Research output: Contribution to journalArticle

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AU - OCofaigh, Colm

AU - Weilbach, Kasper

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AU - Benetti, S.

AU - Callard, Louise

AU - Purcell, Catriona

AU - Chiverell, Richard

AU - Dunlop, Paul

AU - Saher, Margot

AU - Livingstone, Stephen

AU - Van Landeghem, Karen

AU - Moreton, Steven

AU - Clark, Chris

AU - Fabel, Derek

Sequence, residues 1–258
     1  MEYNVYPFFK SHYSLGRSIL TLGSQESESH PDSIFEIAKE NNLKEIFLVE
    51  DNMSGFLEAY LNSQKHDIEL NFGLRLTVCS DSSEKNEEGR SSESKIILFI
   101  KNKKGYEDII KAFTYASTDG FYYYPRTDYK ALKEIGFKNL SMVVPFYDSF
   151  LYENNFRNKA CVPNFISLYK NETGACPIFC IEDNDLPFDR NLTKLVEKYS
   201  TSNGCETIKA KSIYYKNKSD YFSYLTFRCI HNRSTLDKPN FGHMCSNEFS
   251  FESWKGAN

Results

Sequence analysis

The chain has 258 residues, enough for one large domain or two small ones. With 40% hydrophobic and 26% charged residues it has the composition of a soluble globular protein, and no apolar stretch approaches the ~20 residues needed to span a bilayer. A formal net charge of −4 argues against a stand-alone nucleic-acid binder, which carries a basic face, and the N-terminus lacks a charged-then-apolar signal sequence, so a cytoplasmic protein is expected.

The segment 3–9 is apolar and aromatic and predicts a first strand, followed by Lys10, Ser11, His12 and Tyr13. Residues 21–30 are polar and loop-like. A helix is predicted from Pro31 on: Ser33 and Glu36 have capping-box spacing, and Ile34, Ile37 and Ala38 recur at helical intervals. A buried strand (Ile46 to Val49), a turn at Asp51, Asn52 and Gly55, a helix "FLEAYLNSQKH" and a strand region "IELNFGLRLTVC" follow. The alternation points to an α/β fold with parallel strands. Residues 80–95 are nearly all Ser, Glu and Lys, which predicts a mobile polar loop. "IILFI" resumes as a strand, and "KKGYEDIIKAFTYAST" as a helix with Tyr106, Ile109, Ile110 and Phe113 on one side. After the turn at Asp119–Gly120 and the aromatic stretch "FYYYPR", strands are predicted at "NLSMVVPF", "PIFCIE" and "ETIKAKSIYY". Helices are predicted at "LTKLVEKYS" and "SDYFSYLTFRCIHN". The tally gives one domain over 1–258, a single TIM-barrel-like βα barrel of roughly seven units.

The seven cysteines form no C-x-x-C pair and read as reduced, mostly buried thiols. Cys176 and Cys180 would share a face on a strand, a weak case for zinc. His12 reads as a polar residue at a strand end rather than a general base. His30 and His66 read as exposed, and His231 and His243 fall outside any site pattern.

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N2 - Understanding the triggers and pace of marine-based ice sheet decay is critical for constraining the future mass loss and dynamic behaviour of marine-based sectors of the large polar ice sheets in Greenland and Antarctica. Numerical models which seek to predict this behaviour need to be calibrated against data from both contemporary and palaeo-ice sheets, and the latter requires accurate reconstruction of former ice sheet extent, dynamics and timing. Marine geophysics, sediment cores, benthic foraminiferal assemblages and radiocarbon dating are used to reconstruct the extent of the last British-Irish Ice Sheet (BIIS), and the timing and style of its retreat on the Atlantic shelf northwest of Ireland. Shelf edge moraines and subglacial till recovered in cores from the outer continental shelf are dated to younger than 26.3 ka cal BP and indicate an extensive ice sheet at the Last Glacial Maximum (LGM) that was grounded to the shelf edge. Nested arcuate moraines record the subsequent episodic retreat of the ice sheet across the shelf. Lithofacies and associated foraminiferal assemblages demonstrate that this retreat occurred in a glacimarine environment as a grounded tidewater margin and that high relative sea level and cold waters prevailed during retreat. Radiocarbon dates indicate that the timing of initial ice sheet retreat from the shelf edge occurred in the interval between 26.3 and 24.8 ka cal BP, during the period of minimum global eustatic sea level, and that the ice sheet had retreated to the mid-shelf by 24.8 ka cal BP. The ‘Donegal Bay Moraine’, a large moraine at the mouth of Donegal Bay, records a major stillstand and readvance of the ice sheet during deglaciation between 20.2 and 17.9 ka cal BP. Estimated retreat rates of 5.5–35 m a −1 across the shelf demonstrate that retreat was slow. It is noteworthy that retreat was initiated in the absence of ocean warming and when eustatic sea level was at a minimum. The sea-level rise that initiated deglaciation from the shelf edge therefore, is inferred to have been a product of local glacio-isostatic crustal depression rather than external forcing. This demonstrates that marine-based sectors of ice sheets can trigger their own demise internally through glacio-isostatic adjustment and it provides an explanation for the early retreat of the BIIS on the Atlantic shelf during the global LGM (gLGM).